Beating the ash clouds of Eyjafjallajökull

I visited New York while Eyjafjallajökull erupted in April, 2010

I was at home, packing for our weekend in New York, when my grandmother called to tell me about the volcanic eruption in Iceland. Apparently plane traffic in Europe could come to a complete stop because of it, putting our trip to New York in Jeopardy. Værnes, the airport in Trondheim still wasn’t closed, the airline told us to show up at the airport, no one knew what would happen.


Eyjafjallajökull erupting

I did not sleep much that night, spent most of the time following the progress of the ash cloud as it slowly crept towards Europe. I was still optimistic when I left for the airport early in the morning.

When the Icelandic volcano Eyjafjallajökull erupted on April 14, 2010, it quickly became headline news. The eruption had actually started on March 20, 2010, but the first eruption had been smaller and not under the ice cap. When the volcano flared up again in April, the fact that the eruption happened under a glacier caused the lava to quickly cool, creating the tiny particles of silica and ash so disruptive to plane travel (Read more about this on my post about visiting the volcano).

At the airport we did not get much wiser. Our plane was still scheduled to take off, whatever would happen in Oslo, where we would change planes, was very uncertain. We could risk being stuck in Oslo, with no flights going back, and all train tickets and rental cars already booked. We could be stuck for days.

Flying away from Eyjafjallajökull

In the air

Half an hour before our flight, at 7.15 am it was announced that the airport would close at 8 am, 15 minutes after our flight took off. We would at least make it to Oslo. Next were flights first to Stockholm, then to New York. We crossed our fingers.

Two flight were still not cancelled at Gardermoen Airport, one of them was ours. Seeing the board listing all the flights was amazing, I have never seen so many cancelled flights before. We got to our gate, boarded our flight to Stockholm. So far we had been very lucky, last flight out of two airports. I kepy my fingers crossed, just one more change of flights to go.

Eyjafjallajökull grounded most flights

So many cancelled flights

When we landed in Stockholm, exited the plane, we quickly saw our flight was delayed. Two hours delay, that quickly became three. It was quite a long walk from one gate to the other, when we arrived we learned the delay was due to the volcanic eruption. The airline was busy trying to find a safe route to the US, but still quite certain we would fly.

All we had to do was wait, read about the eruption on the news, watch plane after plane get cancelled on the board. Never ours.

Three hours late we did take off, our last flight on the way to New York. Were we really going to make it? And what would happen in New York? We were there for four days, would the airports open by then. The eruption was forecasted to go on for at least a week. Suddenly we faced the prospect of being stranded in New York. Some of us hoped for it, others had to get home next week.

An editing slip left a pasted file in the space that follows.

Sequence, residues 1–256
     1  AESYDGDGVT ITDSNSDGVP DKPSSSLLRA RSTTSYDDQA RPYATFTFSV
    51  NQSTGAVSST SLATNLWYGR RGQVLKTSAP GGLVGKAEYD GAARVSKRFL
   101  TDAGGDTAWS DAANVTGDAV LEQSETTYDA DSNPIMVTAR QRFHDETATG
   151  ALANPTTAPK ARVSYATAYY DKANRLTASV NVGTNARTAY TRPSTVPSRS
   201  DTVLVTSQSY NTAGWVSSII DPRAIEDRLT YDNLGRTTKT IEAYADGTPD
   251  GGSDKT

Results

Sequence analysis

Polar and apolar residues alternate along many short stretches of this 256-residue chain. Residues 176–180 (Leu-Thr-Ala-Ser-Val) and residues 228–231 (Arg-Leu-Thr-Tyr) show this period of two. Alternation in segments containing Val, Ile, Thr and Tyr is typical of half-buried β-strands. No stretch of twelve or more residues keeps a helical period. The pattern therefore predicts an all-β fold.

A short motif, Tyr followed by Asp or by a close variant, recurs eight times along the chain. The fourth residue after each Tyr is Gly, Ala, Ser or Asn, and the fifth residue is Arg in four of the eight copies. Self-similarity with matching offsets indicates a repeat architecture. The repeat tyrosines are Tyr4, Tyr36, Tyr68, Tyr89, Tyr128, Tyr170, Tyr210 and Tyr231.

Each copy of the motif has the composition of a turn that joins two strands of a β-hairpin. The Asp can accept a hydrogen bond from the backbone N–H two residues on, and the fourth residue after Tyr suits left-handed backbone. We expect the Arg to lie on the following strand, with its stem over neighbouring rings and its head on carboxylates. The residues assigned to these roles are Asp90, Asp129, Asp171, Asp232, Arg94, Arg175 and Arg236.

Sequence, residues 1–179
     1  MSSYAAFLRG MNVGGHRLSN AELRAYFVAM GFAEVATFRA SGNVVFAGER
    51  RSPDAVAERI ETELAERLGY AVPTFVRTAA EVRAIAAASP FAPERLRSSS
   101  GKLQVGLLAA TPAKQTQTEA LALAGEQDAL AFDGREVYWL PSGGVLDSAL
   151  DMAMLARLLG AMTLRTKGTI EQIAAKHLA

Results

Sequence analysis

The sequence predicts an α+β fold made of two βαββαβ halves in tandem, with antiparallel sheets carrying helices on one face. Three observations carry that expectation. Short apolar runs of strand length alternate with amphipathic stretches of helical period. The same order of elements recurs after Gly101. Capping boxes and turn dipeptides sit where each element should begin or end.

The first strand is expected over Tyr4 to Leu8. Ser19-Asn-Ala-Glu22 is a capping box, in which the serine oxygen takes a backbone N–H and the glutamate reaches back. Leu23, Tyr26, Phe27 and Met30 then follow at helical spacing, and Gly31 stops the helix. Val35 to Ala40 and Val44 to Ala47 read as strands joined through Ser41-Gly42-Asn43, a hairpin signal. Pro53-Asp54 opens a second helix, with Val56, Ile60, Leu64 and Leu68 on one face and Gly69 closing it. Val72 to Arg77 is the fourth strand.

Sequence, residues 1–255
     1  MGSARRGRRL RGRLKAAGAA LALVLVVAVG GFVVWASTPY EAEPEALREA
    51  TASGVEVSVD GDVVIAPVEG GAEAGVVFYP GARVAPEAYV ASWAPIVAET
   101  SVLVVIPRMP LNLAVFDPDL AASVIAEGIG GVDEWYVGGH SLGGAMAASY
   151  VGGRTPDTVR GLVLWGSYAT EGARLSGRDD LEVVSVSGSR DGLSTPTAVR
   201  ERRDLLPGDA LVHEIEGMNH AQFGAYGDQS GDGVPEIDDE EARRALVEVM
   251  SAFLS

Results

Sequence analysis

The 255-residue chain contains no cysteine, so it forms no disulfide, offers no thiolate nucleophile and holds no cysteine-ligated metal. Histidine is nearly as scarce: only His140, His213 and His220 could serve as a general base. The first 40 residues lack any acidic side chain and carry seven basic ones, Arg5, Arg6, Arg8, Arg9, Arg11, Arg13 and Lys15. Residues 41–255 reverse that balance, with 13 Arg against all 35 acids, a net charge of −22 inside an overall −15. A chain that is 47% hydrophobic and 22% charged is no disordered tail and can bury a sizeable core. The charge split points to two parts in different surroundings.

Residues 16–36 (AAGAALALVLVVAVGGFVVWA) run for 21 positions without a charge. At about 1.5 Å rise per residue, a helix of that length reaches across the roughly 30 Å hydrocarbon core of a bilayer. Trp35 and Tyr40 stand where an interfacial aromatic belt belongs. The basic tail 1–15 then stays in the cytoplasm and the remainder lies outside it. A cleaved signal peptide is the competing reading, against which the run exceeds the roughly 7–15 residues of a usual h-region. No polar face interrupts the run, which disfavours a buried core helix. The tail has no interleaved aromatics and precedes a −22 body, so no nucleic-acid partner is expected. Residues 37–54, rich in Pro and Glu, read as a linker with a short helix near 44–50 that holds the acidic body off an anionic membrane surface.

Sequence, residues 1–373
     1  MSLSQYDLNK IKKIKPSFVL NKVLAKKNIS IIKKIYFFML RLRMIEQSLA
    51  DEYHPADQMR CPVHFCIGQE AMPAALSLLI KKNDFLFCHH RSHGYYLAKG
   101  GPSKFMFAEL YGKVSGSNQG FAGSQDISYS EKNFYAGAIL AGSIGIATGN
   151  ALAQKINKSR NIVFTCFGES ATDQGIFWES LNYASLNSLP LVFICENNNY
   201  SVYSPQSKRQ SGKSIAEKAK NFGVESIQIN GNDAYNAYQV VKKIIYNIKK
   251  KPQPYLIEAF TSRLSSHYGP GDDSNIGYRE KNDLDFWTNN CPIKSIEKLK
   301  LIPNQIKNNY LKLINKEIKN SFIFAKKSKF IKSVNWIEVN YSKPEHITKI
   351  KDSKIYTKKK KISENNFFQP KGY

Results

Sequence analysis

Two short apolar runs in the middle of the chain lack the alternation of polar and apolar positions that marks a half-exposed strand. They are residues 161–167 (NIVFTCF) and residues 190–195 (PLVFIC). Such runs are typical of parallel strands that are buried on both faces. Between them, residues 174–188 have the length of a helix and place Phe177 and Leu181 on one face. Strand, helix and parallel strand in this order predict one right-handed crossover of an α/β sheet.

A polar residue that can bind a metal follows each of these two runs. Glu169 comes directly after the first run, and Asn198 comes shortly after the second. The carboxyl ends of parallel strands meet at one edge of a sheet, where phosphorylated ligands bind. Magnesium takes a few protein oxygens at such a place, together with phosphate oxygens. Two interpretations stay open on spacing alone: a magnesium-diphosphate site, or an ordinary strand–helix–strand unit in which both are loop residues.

Normally when flying from Europe to New York you would start by flying northwest, fly close to Iceland, over Greenland and Canada before arriving. During this flight, that air space was closed, we started flying due south, passed Paris, then slowly turned west. This way we avoided the ash cloud, but it was far from the quickest way. An extra three hours it added to our flight, we arrived six hours late in new York. Nobody was bothered by that, we had made it.

Travelling in style in New York

Picked up at the airport in style

For the whole weekend we did not know what would happen on sunday. Would we get home, would we be stuck. When sunday came our travel guide kept in constant contact with the airline on the phone, we were told to go to the airport.

Our plane, bound for Copenhagen, left on time. The first flight from the US to Europe since thursday morning. Copenhagen Airport was still not open, not even the cabin crew knew where we would eventually land. We were supposed to change planes in Copenhagen, get on a plane for Oslo. When we finally landed Copenhagen was still closed, we had landed in Oslo. Six hours before schedule.

Our plane from Oslo to Trondheim was cancelled, the air space was open but so few were flying. The airline filled up as many flights as it could, cancelled the rest. We were put on a flight straight away, landed in Trondheim about five hours before schedule.

We could not believe out luck that weekend. We had beaten Eyjafjallajökull.

The next morning I was flying to Reykjavik. But that is another story.

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